He uncovers in Yale's defense of 'Academic Freedom' bias in favor of the political left. He puts forth the argument that a Christian college should a least be influenced by the Christian auspices as they manifest themselves in the administration and Alumni associations and other ruling bodies. Mr. Buckley also reveals the somewhat duplicitous nature of the school administration when it espouses the advantages of capitalism and free markets over Socialism and Communism but refrains from exercising its power to control the teaching faculty that espouses those collective social experiments.

I think Mr. Buckley could not fathom why Yale was not similar to a college like Pepperdine.  Pepperdine was founded with private money from a religious Christian and strives to teach in an environment promoting Christian spiritual values. I fully relate to Mr. Buckley's arguments.  His arguments support the concepts behind a Touro College, a Yeshiva University and a Hebrew Theological College where the education is influenced by the values of traditional Judaism. Their staff is picked based on scholarship and religious attitudes that the schools want to promote.

Academic freedom would mean that one is free to chose from a plethora of educational opportunities that offer differing approaches.  One is free to choose between a public secular college like the University of California and a private religious institution like Yeshiva University.  When one chooses a particular college, however, one should not be confused or surprised about the kind of education one will receive.

Thursday, January 10, 2013

Spies Against Armageddon by Dan Raviv and Yossi Melman

A basic history of Israel's intelligence community is presented in Dan Raviv's and Yossi Melman's Spies Against Armageddon.  The book touches on every major tumultuous event in Israel's brief existence and tells a hidden story of espionage, betrayal and assassinations.  There are some salient features worth mentioning.  The book discusses the essence of good intelligence gathering, how a democratic country justifies targeted killings and explains why Jonathan Pollard received such a disproportionate sentence in comparison to other spies who sold American secrets.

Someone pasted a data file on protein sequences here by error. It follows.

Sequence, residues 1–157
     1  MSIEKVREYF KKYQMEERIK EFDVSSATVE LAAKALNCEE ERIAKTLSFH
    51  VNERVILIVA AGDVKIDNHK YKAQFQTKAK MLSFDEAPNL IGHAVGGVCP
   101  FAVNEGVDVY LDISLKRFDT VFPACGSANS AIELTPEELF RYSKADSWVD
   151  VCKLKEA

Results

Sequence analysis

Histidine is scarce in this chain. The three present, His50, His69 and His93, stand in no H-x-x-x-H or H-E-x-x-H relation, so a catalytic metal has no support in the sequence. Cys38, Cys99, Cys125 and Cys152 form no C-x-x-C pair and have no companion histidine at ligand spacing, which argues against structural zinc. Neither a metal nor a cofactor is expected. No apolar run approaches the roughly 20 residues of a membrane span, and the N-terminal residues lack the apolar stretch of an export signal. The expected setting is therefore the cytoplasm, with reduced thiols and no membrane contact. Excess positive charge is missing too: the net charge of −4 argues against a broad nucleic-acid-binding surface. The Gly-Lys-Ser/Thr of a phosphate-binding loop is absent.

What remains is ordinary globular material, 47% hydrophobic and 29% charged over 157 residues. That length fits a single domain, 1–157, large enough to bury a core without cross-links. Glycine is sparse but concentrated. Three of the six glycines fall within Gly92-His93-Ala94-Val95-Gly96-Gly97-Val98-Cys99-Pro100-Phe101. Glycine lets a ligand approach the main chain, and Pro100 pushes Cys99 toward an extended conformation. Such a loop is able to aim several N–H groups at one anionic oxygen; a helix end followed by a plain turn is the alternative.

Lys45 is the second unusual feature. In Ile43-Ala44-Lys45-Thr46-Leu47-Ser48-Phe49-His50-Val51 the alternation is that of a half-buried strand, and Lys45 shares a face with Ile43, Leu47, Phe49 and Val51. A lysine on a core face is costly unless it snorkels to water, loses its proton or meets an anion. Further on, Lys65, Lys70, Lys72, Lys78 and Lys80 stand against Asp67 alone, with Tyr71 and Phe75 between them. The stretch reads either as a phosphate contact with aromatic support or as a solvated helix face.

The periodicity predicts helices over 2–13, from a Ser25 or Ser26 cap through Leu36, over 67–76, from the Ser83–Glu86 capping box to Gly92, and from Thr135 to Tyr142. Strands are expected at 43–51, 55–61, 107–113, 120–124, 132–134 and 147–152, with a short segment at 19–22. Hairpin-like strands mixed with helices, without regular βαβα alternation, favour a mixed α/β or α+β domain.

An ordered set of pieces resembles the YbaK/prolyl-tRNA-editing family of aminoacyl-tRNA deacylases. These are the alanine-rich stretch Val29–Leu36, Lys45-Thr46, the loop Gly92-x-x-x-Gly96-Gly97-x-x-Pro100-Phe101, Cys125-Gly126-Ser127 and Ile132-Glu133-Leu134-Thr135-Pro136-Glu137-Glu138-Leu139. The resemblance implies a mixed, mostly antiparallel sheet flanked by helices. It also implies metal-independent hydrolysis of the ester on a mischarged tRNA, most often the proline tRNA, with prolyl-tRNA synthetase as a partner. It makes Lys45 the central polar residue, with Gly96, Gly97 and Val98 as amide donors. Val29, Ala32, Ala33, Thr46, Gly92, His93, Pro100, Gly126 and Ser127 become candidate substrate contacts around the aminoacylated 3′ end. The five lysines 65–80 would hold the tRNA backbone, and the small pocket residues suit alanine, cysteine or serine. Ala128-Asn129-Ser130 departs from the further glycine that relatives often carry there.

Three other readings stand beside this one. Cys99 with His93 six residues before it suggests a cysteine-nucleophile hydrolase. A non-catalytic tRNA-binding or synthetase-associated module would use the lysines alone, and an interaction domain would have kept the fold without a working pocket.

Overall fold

Good espionage is founded on the principle of finding reliable opposition to existing adversaries and paying for information.  Israel has been incredibly successful in ferreting out people willing to offer information about people (governments) they despise.  Nurturing the opposition bears much fruit in intelligence gathering.  The ability to place Israeli spies like Eli Cohen in enemy high places is highly unusual and rarely effective.  As a matter of fact, countries that find out that Israel has forged their passports to enable spying in other countries retaliate diplomatically.  The most effective way is to find an asset in the targeted country and nurture the asset.

Because Israel has many hostile adversaries that declare its illegitimacy determined to 'liberate' it and use tactics of terror to wage battles, conventional warfare has proven ineffective as a response.  Israel has met this unconventional war on its own terms and has deemed those who plan and perpetrate suicide bombings, and terrorist attacks against civilian populations as combatants of war. A proactive strike against a combatant or targeting them for execution has been adjudicated with approval.  The authors point out that targeted killings is not very common in the grand scheme of the Mossad and is only approved in extreme cases.

The case of Jonathan Pollard has baffled many on different levels.  How could someone so unstable be given high security clearance?  How could someone go rogue in the Israeli intelligence community to 'handle' him without approval?  Why such a harsh life sentence for espionage against an ally.  (The infamous Walker spy ring got less than 30 years for selling material to the US adversary, the Russians!?)  The book makes a claim that the US needed to send a message that it would not tolerate such abuse of Jewish Americans on the part of  Israel.  I did not find this reason so convincing in contrast to 6 former Attorney Generals advocating Pollard's release for time served.  I have always felt that somehow Casper Weinberger overreacted in writing a damning brief that over-ruled the original plea bargain.  In his memoir, Weinberger hardly mentions the Pollard affair.  One would think there would be more to say about something supposedly  called 'the worst breach of national security ever!'

This book was a very interesting read because it uncovered a hidden world of espionage smoothly connecting to conventional politics.